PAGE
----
By the Numbers: Federal Child Pornography Convictions Across the U.S.

Tracking the numbers of federal child pornography convictions across the country isn`t easy. Federal prosecutors are given broad discretion in what charges to bring (or not bring), and what charges to drop in order to induce a guilty plea. They also control, to an extent, the final sentence by the type of charges they file.

Below are the raw data from the U.S. Sentencing Commission`s (USSC) 2021 Report, Federal Sentencing of Child Pornography Non-Production Offenses (that is, offenders who didn`t take the pictures but only distributed, received, or possessed them). The data highlights the trends and disparities in federal non-production child pornography convictions across the states.

Where Were the Most Federal Non-Production Child Pornography Convictions?

Top 5 states with the most federal child pornography convictions:
Texas (116)
Florida (96)
Missouri (85)
New York (82)
California (71)

Top 5 federal circuits with the most federal child pornography convictions:
Ninth Circuit (221)
Eighth Circuit (188)
Fourth & Fifth Circuits (147 each)
Sixth Circuit (111)

The states and territories within each federal circuit are:

First: Maine, Massachusetts, New Hampshire, Puerto Rico, Rhode Island Second: Connecticut, New York, Vermont
Third: Delaware, New Jersey, Pennsylvania, U.S. Virgin Islands Fourth: Maryland, North Carolina, South Carolina, Virginia, West Virginia Fifth: Louisiana, Mississippi, Texas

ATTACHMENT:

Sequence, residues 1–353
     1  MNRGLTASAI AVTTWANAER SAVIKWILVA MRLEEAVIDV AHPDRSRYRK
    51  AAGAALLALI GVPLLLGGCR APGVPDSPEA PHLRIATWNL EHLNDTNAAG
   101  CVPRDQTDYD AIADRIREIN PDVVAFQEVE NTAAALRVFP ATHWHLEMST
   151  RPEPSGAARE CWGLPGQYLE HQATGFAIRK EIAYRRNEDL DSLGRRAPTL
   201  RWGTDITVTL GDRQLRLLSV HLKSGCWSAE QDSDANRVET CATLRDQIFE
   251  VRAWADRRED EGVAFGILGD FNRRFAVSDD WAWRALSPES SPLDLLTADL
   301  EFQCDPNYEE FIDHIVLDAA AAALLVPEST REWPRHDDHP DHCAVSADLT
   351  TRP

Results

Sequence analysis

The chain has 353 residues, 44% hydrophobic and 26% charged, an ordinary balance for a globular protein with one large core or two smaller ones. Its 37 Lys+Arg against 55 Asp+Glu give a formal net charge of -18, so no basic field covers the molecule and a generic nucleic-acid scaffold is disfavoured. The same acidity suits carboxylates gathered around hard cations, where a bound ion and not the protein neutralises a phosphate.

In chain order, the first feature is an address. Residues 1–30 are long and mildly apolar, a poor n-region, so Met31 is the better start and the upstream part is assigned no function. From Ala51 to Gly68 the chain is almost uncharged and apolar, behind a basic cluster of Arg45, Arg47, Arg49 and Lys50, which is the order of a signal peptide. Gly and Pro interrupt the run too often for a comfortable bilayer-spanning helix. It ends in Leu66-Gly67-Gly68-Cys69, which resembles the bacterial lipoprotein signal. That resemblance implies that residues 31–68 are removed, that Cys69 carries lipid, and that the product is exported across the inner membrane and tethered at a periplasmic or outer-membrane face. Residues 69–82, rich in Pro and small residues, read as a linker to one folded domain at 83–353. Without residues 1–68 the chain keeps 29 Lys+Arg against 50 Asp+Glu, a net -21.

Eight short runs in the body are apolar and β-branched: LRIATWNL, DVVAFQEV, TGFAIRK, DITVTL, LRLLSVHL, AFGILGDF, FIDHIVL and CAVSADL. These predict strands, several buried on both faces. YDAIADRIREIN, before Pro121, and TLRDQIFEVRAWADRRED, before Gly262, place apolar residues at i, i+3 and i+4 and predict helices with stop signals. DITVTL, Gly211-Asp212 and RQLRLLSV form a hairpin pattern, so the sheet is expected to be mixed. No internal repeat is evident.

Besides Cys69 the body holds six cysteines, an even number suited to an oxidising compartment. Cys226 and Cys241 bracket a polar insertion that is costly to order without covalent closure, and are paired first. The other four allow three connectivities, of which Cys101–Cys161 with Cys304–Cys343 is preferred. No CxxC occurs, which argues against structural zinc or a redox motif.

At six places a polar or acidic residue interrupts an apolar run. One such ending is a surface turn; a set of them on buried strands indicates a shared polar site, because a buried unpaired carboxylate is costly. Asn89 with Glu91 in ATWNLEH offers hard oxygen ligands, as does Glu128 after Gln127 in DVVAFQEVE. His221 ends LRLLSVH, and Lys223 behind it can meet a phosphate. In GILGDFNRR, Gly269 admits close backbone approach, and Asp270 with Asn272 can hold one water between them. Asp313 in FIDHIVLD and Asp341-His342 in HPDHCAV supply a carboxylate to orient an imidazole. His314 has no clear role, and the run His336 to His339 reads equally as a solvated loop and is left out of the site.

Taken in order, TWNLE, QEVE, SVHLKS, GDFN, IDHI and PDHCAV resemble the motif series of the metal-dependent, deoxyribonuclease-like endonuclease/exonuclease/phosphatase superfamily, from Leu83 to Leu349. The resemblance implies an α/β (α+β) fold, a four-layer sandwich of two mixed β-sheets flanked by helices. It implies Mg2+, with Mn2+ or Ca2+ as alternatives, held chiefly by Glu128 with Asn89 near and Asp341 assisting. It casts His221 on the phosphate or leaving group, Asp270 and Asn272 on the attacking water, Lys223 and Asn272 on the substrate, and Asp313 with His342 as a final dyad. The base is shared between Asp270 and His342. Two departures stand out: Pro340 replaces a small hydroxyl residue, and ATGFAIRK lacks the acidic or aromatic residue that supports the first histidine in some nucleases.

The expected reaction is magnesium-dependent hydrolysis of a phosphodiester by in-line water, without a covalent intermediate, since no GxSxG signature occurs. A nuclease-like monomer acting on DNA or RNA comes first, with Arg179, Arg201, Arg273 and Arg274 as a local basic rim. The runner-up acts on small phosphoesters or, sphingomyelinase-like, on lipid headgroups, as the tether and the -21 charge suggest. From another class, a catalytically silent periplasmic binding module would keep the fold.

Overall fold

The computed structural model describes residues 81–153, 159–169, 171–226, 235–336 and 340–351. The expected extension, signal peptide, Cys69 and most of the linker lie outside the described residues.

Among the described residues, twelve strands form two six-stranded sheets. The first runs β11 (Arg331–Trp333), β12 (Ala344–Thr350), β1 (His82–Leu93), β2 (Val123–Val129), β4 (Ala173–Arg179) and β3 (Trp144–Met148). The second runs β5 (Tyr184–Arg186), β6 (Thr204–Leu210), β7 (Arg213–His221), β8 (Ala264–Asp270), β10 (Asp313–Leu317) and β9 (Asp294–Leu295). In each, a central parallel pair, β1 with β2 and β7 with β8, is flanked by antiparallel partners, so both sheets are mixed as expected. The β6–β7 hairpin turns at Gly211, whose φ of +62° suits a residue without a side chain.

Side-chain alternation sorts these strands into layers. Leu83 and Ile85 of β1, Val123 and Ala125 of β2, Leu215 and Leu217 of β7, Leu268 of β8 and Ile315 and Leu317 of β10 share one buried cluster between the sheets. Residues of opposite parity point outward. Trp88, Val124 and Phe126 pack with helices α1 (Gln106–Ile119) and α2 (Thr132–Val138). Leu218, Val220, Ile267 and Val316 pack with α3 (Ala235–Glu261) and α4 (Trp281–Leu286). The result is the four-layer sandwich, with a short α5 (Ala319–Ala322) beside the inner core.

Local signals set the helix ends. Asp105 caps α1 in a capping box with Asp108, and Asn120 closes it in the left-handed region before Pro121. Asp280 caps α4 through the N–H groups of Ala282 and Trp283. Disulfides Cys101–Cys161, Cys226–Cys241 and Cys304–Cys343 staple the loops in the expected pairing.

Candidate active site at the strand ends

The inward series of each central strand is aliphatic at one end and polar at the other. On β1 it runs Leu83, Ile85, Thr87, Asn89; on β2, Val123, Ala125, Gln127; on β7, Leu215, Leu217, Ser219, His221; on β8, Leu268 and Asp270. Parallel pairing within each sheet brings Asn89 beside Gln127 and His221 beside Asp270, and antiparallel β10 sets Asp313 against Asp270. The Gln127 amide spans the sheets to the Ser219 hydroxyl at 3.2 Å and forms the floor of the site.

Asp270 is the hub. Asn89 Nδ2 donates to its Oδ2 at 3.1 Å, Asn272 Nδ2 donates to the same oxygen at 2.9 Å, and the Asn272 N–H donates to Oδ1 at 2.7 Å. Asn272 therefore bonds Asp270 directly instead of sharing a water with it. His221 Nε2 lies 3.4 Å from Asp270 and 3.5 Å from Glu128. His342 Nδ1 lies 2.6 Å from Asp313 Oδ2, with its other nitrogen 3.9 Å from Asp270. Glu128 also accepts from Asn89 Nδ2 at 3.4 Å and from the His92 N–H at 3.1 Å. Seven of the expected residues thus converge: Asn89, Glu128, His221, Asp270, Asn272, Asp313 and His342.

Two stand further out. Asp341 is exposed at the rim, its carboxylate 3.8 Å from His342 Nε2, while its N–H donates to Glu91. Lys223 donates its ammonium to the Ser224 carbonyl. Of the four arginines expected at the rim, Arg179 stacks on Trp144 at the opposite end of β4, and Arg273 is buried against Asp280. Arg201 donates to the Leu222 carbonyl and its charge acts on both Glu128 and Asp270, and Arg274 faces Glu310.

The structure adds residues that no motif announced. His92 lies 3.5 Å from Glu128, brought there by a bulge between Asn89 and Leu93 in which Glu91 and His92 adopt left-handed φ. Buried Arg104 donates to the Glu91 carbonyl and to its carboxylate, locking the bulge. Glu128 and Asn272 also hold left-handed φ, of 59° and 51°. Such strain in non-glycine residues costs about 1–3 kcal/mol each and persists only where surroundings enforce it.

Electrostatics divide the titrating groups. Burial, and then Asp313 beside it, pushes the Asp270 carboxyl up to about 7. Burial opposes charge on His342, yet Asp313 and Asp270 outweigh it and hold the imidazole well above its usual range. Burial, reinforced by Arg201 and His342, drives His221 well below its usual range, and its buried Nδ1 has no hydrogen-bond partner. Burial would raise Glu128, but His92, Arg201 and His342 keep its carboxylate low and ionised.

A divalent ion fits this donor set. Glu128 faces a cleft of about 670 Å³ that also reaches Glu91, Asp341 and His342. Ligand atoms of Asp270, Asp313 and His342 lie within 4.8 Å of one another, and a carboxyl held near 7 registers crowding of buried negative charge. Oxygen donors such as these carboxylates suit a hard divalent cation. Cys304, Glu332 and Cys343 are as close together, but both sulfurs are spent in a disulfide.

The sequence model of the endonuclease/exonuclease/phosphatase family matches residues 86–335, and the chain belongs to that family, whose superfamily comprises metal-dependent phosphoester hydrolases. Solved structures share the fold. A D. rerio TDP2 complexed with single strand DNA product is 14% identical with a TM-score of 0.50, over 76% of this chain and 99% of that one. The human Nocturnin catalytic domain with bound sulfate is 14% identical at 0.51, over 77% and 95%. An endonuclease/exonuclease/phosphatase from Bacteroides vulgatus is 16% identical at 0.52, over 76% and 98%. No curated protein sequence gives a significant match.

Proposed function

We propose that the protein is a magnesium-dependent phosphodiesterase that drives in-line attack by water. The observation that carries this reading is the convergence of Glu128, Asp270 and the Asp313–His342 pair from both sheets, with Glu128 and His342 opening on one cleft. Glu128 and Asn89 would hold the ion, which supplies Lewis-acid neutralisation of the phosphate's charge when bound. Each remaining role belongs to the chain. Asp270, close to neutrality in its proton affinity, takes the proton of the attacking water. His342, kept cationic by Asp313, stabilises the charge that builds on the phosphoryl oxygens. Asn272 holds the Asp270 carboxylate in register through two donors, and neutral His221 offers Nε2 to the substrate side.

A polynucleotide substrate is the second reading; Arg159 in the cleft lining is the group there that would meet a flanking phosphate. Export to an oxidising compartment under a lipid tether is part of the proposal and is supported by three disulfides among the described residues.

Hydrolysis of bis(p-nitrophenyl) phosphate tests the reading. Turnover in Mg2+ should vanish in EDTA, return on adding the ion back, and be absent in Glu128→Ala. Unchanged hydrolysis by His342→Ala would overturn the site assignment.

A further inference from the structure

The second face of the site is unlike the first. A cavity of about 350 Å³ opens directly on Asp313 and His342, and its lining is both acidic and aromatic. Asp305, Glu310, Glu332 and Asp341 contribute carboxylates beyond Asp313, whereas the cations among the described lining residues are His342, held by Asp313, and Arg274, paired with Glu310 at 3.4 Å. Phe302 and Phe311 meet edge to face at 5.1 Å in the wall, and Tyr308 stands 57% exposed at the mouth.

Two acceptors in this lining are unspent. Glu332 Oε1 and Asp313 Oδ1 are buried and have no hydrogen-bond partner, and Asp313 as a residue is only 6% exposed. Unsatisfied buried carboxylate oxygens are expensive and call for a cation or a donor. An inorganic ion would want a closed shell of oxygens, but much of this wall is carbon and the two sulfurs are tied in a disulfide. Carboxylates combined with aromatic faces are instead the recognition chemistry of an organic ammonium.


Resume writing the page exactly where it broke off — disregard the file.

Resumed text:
Sixth: Kentucky, Michigan, Ohio, Tennessee
Seventh: Illinois, Indiana, Wisconsin
Eighth: Arkansas, Iowa, Minnesota, Missouri, Nebraska, North Dakota, South Dakota
Ninth: Alaska, Arizona, California, Guam, Hawaii, Idaho, Montana, Nevada, N. Mariana Islands, Oregon, Washington Tenth: Colorado, Kansas, New Mexico, Oklahoma, Utah, Wyoming Eleventh: Alabama, Florida, Georgia
D.C. Circuit: Washington, DC

Top 5 federal districts with the most federal child pornography convictions:
Eastern Dist. of Virginia
Middle Dist. of Florida
Western Dist. of Missouri
Southern Dist. of Florida
Eastern Dist. of Missouri

Where Were the Least Federal Non-Production Child Pornography Convictions?

Top 5 states with the least federal child pornography convictions:
Hawaii (1)
New Hampshire (2)
Delaware (4)
Vermont & North Dakota (5 each)
Connecticut & Alaska (6 each)

Top 5 federal circuits with the least federal child pornography convictions:
D.C. Circuit (7)
First Circuit (42)
Third Circuit (74)
Seventh & Tenth Circuits (85 each)
Second Circuit (93)

Most Common Federal Non-Production Child Pornography Convictions by Offense Type

Top 3 non-production child pornography offenses:

Distribution (625)
Possession (569)
Receipt (146)

Federal circuit with the most non-production child pornography distribution convictions:
Ninth Circuit (106)

Federal circuit with the most non-production child pornography possession convictions:
Ninth Circuit (106)

Federal circuit with the most non-production child pornography receipt convictions:
Eighth Circuit (28)

Repeat Offenders

Top 5 states with the most repeat offender sustaining a federal non-production child pornography conviction:
Missouri (16)
Minnesota (11)
Illinois & California (9 each)
Indiana, Michigan, & Ohio (6 each)
Texas & Utah (5 each)

Note: These are offenders who had any kind of prior sex offense in a state, federal, or foreign court, no matter how long ago it was.

Federal circuit with the most repeat offenders in non-production child pornography cases:
Eighth Circuit (15 out of 63 repeat offenders nationwide)